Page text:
August 4, 2004
The Minnesota Twins, thanks to a 14-5 record since the All-Star break and Chicago's 8-12 record during the same span, are getting very close to running away and hiding from the rest of the American League Central. Now, those of you who have experienced my incredible pessimism in regard to the Twins over the last two years know that I'm the last person in the world to say something like that, but I think it's true.
The Twins are now six games ahead of the Chicago White Sox with 56 games left to play. They do play the White Sox six more times, which means anything can still happen, but Chicago has been decimated by injuries and are fading fast, while the Twins have won six straight series, including three in a row against above-.500 teams.
If the Twins play .500 baseball from here on out (they've won 57.5% of their games thus far), they would finish at 89-73. For the White Sox to catch them, Chicago would have to go 35-23 to from here on out. Anyone think that's happening with Magglio Ordonez and Frank Thomas out of action for at least half those games?
I know this is going to anger a lot of White Sox fans and even some Twins fans who believe in idiocy like me being able to jinx baseball teams, but I'm starting to get more worried about Cleveland than I am about Chicago. The Indians are eight games behind the Twins, so they have an even tougher task ahead of them, but they play the Twins an incredible 13 times in their remaining 54 games. Of course, when you're more worried about a team eight games back than you are about a team six games back, you know your team is in pretty good shape. Which is my entire point, I guess.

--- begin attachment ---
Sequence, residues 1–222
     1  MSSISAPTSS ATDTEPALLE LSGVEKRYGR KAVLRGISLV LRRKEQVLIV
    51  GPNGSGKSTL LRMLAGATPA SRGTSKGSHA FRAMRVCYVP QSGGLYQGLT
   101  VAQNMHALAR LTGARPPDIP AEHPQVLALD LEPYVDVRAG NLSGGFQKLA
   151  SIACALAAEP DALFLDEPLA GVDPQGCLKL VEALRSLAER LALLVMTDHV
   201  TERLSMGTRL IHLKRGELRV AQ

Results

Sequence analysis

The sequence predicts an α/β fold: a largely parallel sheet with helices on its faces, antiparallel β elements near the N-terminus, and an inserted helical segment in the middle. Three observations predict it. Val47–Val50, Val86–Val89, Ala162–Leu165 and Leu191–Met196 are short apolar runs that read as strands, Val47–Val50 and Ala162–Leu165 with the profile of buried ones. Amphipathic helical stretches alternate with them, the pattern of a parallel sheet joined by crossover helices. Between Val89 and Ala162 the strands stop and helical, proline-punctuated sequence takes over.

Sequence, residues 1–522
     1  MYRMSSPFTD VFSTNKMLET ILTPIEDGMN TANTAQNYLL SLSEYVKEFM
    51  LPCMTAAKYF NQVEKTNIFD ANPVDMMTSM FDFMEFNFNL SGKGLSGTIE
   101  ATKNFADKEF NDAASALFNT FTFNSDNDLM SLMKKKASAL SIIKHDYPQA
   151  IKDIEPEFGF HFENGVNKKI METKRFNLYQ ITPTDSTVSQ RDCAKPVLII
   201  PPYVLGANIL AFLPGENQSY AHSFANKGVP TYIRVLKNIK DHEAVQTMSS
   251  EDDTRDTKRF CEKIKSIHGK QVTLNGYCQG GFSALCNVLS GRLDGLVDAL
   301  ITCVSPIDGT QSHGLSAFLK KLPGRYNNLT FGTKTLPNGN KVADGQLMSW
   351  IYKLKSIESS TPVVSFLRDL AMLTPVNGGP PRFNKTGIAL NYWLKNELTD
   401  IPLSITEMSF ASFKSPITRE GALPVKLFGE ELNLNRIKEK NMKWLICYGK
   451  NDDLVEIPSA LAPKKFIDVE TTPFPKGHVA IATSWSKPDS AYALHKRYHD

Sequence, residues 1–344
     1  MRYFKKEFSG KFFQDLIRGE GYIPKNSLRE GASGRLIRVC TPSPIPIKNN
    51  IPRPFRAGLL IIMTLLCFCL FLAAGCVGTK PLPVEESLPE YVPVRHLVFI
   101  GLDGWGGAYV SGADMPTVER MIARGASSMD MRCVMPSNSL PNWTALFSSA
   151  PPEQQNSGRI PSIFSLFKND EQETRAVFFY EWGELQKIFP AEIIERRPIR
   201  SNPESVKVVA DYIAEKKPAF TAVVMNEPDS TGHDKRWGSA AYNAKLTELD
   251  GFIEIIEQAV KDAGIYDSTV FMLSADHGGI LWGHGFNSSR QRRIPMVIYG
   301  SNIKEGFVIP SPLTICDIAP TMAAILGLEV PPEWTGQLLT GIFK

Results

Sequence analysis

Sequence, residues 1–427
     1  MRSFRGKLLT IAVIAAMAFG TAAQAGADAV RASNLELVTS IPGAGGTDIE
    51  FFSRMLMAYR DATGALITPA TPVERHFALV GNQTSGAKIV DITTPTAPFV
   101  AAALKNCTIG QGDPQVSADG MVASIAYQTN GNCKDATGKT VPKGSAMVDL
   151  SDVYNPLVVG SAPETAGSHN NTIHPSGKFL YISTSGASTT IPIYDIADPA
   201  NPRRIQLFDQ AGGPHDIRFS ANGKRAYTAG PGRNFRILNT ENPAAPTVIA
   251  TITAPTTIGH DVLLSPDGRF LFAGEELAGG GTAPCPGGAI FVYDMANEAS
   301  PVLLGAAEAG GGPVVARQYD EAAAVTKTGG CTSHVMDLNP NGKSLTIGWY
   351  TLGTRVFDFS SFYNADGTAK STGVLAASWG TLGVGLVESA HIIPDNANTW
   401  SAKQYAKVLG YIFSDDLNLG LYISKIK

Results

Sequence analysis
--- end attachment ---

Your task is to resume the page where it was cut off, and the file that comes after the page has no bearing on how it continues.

As for last night's game, it was a pretty good one. Aside from nearly imploding in the fourth inning, Kyle Lohse actually pitched well, going seven innings while allowing three runs. Lohse did allow nine hits, but at least he actually got some strikeouts (four), didn't walk everyone in the building (one) and threw plenty of strikes (68.3%).
He's still not anywhere close to the pitcher he was last year, but last night's performance was at least a step towards being a pitcher you can actually put on the mound every fifth game. After Lohse finished up his seven innings, he handed the ball off to the Twins' 1-2 combo of Juan Rincon and Joe Nathan, who slammed the door on the 6-3 win.
Nathan now has 31 saves with a 0.91 ERA. The saves are the sixth-most in baseball and the ERA is the best for any major league pitcher with at least 25 innings pitched this year. I still expect Nathan to, at some point, have a rough patch, but if he can avoid that he has a chance to finish with one of the all-time great seasons by a relief pitcher.
Nathan is on pace for 75-80 innings pitched on the year. Here's a list of all the pitchers who have had an ERA better than 0.91 in at least 70 innings pitched since 1900 ...
PITCHER YEAR IP ERA
Dennis Eckersley 1990 73.1 0.61
Ferdie Schupp 1916 140.0 0.90
That's it, that's the whole list.
Now, I wouldn't bet on Nathan finishing the year with a 0.91 ERA, just because pitching another 20-25 innings with an ERA under 1.00 is really hard to do, but it's something to keep track of over the next two months. If he pitches a scoreless inning in his next appearance, Nathan would move ahead of Ferdie Schupp with a 0.89 ERA on the year.
Basically, Nathan can afford to give up three more runs this year and still stay on track to rank third all-time if he is going to pitch 75+ innings. To rank ahead of Dennis Eckersley's 1990 season, Nathan would have to finish the year with 25.1 scoreless innings. That might seem outlandish, but Nathan is currently working on a 24-inning scoreless streak.
New article at The Hardball Times: The Magic Twenty (Third Base)
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